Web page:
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25 October 2004 Extreme adaptive optics testbed: results and future work
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"Extreme" adaptive optics systems are optimized for ultra-high-contrast applications, such as ground-based extrasolar planet detection. The Extreme Adaptive Optics Testbed at UC Santa Cruz is being used to investigate and develop technologies for high-contrast imaging, especially wavefront control. A simple optical design allows us to minimize wavefront error and maximize the experimentally achievable contrast before progressing to a more complex set-up. A phase shifting diffraction interferometer is used to measure wavefront errors with sub-nm precision and accuracy. We have demonstrated RMS wavefront errors of <1.3 nm and a contrast of >10-7 over a substantial region using a shaped pupil. Current work includes the installation and characterization of a 1024-actuator Micro-Electro-Mechanical-Systems (MEMS) deformable mirror, manufactured by Boston Micro-Machines, which will be used for wavefront control. In our initial experiments we can flatten the deformable mirror to 1.8-nm RMS wavefront error within a control radius of 5-13 cycles per aperture. Ultimately this testbed will be used to test all aspects of the system architecture for an extrasolar planet-finding AO system.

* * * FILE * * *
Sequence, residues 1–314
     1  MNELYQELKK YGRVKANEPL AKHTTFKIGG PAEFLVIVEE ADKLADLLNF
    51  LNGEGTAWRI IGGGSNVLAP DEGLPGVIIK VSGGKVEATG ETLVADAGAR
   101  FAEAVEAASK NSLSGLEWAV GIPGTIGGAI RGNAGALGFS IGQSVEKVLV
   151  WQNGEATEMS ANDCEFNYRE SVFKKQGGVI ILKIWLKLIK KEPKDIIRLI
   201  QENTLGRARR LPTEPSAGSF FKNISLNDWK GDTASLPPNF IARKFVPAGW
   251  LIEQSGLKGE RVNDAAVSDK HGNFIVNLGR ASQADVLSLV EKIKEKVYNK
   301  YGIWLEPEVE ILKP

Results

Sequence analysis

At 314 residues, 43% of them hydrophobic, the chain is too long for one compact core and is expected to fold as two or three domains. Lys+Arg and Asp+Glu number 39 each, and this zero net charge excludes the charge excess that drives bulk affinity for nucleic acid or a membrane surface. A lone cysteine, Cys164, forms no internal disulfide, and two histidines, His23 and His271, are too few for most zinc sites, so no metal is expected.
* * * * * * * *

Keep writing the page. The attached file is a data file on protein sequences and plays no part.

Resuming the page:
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Julia Wilhelmsen Evans, Gary Sommargren, Lisa Poyneer, Bruce A. Macintosh, Scott Severson, Daren Dillon, Andrew I. Sheinis, Dave Palmer, N. Jeremy Kasdin, and Scot Olivier "Extreme adaptive optics testbed: results and future work", Proc. SPIE 5490, Advancements in Adaptive Optics, (25 October 2004); doi: 10.1117/12.551762;

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